SOLEMNITY OF THE LORD’S BAPTISM
During the Epiphany last Sunday, we reflected on the manifestation of the Lord to the nations represented by the magi and the shepherds. On this Sunday of the Lord’s baptism, we see the “Trinitarian theophany” or the manifestation of the three persons of the Trinity in one single event: Jesus who was being baptized, the Father uttering His voice and the Holy Spirit descending in the form of a dove. The Lord’s baptism happened before He embarked on His public ministry. The same “Trinitarian theophany” would occur again towards the end of the public ministry of Jesus in the Transfiguration. Between these two theophanies was Jesus’ proclamation of God’s Kingdom through His words and works.
After we have opened all our Christmas gifts, the Church reminds us that the greatest gift next to our life is our faith which is given to us in baptism. In the liturgical calendar, after the Lord’s Baptism the Church enters the Ordinary Time. After all the festivities of Christmas and New Year, we embrace once again the ordinariness of life in witnessing our faith. During His baptism before His public ministry, Jesus was reminded by His Father of His identity: “You are my beloved Son, with you I am well pleased.” As we enter into the simplicity of this season, we are also reminded of that profound reality namely our true identity given to us when we were baptized as if the Father was saying to us personally “You are my beloved child, with you I am well pleased.”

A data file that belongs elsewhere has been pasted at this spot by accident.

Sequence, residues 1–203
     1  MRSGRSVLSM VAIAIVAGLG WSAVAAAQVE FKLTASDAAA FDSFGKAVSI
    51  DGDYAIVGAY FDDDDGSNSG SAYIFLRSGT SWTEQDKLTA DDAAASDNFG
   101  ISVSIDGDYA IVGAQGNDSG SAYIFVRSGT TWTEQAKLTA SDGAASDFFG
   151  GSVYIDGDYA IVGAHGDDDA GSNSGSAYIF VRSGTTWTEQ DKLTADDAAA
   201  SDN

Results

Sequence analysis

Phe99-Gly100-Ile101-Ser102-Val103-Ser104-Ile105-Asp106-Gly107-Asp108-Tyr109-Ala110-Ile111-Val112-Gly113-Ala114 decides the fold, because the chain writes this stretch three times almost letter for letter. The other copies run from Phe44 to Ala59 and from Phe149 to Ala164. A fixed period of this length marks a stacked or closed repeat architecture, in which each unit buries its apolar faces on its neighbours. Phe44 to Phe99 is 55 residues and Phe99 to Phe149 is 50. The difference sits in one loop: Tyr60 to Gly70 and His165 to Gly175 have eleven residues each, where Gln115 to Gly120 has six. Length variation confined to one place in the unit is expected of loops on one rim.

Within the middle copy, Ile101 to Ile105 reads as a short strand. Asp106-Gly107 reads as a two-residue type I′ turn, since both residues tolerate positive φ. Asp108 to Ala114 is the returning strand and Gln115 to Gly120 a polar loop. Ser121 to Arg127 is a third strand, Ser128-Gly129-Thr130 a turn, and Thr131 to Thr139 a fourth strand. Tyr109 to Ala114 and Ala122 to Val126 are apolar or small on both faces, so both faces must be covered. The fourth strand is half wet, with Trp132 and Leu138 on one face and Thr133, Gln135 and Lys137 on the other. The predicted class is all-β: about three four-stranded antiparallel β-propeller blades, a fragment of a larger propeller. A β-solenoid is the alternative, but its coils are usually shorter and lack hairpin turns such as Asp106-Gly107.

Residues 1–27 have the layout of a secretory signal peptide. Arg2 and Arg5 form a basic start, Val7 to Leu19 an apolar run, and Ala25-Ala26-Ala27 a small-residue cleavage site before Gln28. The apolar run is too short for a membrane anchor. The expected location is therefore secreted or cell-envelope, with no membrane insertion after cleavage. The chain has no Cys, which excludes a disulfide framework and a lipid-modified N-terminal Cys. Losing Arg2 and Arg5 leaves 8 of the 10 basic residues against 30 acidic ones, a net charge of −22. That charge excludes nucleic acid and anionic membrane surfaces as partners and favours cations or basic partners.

It was important to Jesus to accept His identity which would be the reservoir of His strength during His public ministry. During His intimate moments with His Father in prayer, Jesus would go back again and again to that special moment when He heard His Father’s voice. In fact He needed to hear the same voice again during the Transfiguration before He could carry on the most painful days of His earthly life.
During this ordinary season, like Jesus we carry in our hearts the Father’s voice so that whatever happens to us this year, we believe that the Father will always be there for us the way He was with Jesus all the time. It means that we are ready to accept the different theophanies of God in our life. We welcome Him as He manifests Himself to us in life or in death, in pain or in joy, in the sunshine or in the rain, in light or in darkness, in good times and in bad. These are the many facets of life which reveal to us the many faces of God. We just have to be ready to accept His creative surprises in our life.
Our baptism is both a gift and a responsibility. As a gift, we became children of God, we call Him our Father and we are heirs of the Kingdom; as a responsibility, we live a Christian life, a life which is patterned after His Son.
I am God's beloved, that's who I am. I live it, that's what I become!